It’s also critical in the third sense of make-or-break. At this point we may feel angry and disillusioned with our former authorities, with the church and even with God and the Bible. We may feel bewildered, even betrayed or let down. Some give up and walk away completely, never to return; others do eventually come back. Still others may simply leave church but stick around on the margins, unwilling to give up on the whole thing but not feeling able to fully belong either.

We need to understand people who are at this difficult but important stage. We need to welcome them with all their troublesome questions and abrasive criticisms, not browbeat them with the Bible or turn them away. And rather than trying to answer all the questions and doubts, we just need to acknowledge their validity and reality. That’s in large part what this blog is about.

And I’ll freely admit that it’s largely about that because that’s where I’m at too, and I need a place where questions and doubts can be accepted – where I can be accepted.

Moving beyond answers

Stage 3 is not the end though, or it need not be. Though I’ve not got there yet, I can see beyond this point to the possibility of a faith without the need for answers at all. For those who do ultimately get through the critical phase and make peace with faith or God or church, it can be the beginning of a whole new kind of spirituality.

Moving beyond the need for answers does not make this a blind faith, but rather a mature one. I suspect that at some point comes a realisation that all our desperate seeking after right answers – whether simple or complex – arose from fear and emptiness, a need for security.

I’m speculating, but I imagine that we may reach a place where we are content not to know for certain in an intellectual way. Rather we are content just to be known, and therefore to know in a relational, not merely rational, way. We experience God’s holding of us, rather than desperately trying to grasp hold of him by understanding the truth logically. We learn to embrace mystery and uncertainty rather than fearing it.

As I say, I haven’t reached this point yet. I still feel the need to ask questions and at least try to find some answers. But I’m starting to accept that there may not be any answers, at least not ones I will understand in this life. And crucially I do want to move on to the next stage, to a point where I’m not obsessed with the need to tie everything up in neat solutions and can be content with not knowing.

About TheEvangelicalLiberal

Aka Harvey Edser. I'm a web editor, worship leader, wannabe writer, very amateur composer and highly unqualified armchair theologian. My heroes include C.S. Lewis and Homer Simpson.
This entry was posted in Fundamentalism, Orthodoxy, Stages of faith, The faith journey and tagged , , , , , , , . Bookmark the permalink.

6 Responses to Stages of faith – Moving beyond easy answers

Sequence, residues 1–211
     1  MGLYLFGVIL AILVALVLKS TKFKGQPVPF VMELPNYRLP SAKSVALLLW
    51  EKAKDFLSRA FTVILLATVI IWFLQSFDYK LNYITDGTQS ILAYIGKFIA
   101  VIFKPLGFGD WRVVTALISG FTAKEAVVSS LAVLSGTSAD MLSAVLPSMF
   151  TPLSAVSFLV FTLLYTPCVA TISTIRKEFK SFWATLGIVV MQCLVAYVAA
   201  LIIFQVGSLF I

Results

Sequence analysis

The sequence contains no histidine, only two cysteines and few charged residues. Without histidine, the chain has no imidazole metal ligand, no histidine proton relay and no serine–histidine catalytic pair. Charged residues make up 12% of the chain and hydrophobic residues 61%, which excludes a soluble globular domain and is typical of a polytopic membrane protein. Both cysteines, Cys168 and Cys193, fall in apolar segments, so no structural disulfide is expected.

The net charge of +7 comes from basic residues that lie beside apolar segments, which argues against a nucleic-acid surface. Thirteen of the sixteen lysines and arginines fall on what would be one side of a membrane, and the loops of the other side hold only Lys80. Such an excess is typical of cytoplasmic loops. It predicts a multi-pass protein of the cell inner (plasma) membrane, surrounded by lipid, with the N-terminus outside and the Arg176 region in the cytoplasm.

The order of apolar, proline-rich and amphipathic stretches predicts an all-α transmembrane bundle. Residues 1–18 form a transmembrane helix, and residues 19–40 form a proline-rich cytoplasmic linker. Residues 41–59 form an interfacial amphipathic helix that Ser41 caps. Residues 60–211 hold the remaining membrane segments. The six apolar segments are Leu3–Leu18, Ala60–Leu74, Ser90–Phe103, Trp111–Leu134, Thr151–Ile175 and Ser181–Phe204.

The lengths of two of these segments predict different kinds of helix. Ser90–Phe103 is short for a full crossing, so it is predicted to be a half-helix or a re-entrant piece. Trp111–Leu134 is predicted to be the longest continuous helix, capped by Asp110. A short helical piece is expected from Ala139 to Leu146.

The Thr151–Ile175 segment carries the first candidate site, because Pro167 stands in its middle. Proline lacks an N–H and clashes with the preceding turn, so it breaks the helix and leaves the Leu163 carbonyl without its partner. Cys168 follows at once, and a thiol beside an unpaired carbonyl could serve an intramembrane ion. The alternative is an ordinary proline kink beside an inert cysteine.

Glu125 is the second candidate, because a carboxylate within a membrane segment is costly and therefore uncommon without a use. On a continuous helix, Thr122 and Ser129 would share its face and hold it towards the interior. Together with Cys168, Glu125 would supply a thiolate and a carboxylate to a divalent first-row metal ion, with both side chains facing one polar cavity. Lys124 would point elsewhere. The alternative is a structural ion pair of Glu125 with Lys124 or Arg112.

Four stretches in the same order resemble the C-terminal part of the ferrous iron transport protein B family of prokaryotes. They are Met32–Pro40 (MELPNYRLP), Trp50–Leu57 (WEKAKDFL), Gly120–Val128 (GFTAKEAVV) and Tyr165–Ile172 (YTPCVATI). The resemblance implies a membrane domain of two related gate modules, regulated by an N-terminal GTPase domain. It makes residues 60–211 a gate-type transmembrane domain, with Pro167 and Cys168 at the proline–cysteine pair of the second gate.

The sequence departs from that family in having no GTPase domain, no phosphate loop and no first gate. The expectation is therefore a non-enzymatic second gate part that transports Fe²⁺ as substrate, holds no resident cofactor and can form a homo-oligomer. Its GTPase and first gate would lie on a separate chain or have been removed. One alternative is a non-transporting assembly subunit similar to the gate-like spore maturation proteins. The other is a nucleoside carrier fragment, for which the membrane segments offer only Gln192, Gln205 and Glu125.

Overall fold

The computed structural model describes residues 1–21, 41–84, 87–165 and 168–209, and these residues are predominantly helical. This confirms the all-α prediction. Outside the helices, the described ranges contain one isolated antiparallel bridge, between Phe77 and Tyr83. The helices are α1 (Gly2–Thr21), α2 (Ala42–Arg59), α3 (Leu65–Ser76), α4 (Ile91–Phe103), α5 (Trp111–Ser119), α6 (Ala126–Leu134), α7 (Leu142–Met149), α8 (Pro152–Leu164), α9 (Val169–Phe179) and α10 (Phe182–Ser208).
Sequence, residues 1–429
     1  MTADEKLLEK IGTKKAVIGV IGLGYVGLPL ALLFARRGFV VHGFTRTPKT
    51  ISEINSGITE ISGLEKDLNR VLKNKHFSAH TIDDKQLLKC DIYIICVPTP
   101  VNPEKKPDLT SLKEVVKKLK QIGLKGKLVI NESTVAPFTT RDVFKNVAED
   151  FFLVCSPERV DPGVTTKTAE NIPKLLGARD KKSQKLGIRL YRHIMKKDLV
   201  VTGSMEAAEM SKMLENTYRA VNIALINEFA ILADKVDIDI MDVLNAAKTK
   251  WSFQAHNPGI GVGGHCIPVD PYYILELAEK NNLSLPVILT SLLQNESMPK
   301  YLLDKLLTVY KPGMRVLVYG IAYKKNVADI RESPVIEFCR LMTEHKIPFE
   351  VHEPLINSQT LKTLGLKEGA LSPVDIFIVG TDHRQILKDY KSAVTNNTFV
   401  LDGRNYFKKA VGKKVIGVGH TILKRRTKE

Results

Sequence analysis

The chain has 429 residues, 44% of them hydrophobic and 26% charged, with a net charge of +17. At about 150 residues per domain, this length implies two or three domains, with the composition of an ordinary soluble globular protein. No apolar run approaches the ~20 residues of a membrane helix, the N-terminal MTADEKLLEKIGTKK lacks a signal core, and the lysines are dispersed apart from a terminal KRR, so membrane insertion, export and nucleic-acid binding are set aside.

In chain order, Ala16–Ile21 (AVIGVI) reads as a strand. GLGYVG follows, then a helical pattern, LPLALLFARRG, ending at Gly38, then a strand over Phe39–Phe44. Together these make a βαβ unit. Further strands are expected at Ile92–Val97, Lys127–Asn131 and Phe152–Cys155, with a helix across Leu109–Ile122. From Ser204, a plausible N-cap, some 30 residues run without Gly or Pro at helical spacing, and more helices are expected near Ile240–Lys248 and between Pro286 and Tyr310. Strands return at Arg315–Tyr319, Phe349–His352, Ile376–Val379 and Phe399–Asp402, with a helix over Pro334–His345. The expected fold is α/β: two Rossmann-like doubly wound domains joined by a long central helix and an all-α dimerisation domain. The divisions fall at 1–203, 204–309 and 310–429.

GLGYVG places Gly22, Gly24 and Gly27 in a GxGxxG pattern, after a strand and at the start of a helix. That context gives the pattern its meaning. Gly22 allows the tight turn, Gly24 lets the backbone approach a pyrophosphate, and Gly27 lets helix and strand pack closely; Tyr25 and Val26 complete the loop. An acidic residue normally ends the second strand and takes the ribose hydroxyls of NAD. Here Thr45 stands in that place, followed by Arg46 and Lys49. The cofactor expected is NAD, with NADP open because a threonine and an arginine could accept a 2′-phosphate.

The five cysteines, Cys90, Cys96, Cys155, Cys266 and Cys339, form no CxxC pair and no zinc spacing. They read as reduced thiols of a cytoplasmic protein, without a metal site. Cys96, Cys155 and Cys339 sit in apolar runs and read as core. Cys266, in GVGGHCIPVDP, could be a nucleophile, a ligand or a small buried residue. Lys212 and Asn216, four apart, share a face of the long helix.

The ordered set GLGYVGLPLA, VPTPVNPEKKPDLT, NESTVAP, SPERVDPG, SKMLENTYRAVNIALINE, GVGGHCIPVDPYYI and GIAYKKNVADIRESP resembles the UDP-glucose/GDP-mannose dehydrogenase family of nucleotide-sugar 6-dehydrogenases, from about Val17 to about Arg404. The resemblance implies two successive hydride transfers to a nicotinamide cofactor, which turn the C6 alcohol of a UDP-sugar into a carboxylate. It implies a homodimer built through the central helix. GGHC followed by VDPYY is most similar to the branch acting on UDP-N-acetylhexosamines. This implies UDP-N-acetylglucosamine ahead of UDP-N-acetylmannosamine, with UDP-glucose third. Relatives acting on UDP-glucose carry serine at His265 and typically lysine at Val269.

1. Nate says:

    Thanks for the post, that was a good read!

    I can definitely sympathize with being in Stage 3 – I find myself there currently. I’m “doubting,” not necessarily God in a sense, but wondering about the things I believe and that I’ve been taught, criticizing and critiquing them.

    However, I am starting to find myself in a different kind of Stage 4 than what’s mentioned above. I am starting to rely on my faith itself more, and being content in that, but also holding fast to tenets that I believe are true. In other words, not “letting go of everything,” but “letting go of what I must.” There are many things I’m finding out I will probably never have an answer to this side of eternity, and letting go of them has been incredibly hard. I think I’m still at the beginning stages of this, because I’m still holding on to too much. However, I’m still seeking to be grounded in the faith, because I believe that God gave us minds in order to seek Him wisely. I believe there are things I should not let go of, even if I may not “know” them 100%.

    I hope that made sense! I look forward to reading more of your writings, thanks again for posting!


    • Hi, thanks very much for your comment and it’s great to have you on the blog!

      I certainly don’t mean to be prescriptive about ‘stage 4’ or whatever lies beyond the critical phase – I’ve not really got there yet, so I’m only guessing what it looks like. I suspect it’s probably different for different people, and for different types of people. I’d guess that the key to post-critical faith is probably in things like authenticity, reality, openness, acceptance and trust, and that these will find different expressions depending on our varying backgrounds and personalities.

      As I move on, I certainly hope to remain grounded in God and in Christ. What I think is changing for me is my understanding of what that means and how it works… and indeed, maybe I’ll no longer feel the need to understand precisely what it means or how it works! So I’m not giving up on Christianity, but just moving out of the particular kind of Christianity that requires set answers, unquestionable doctrines and rigid structures. I’d see it as a process of growing up, rather than of becoming liberal or wishy-washy.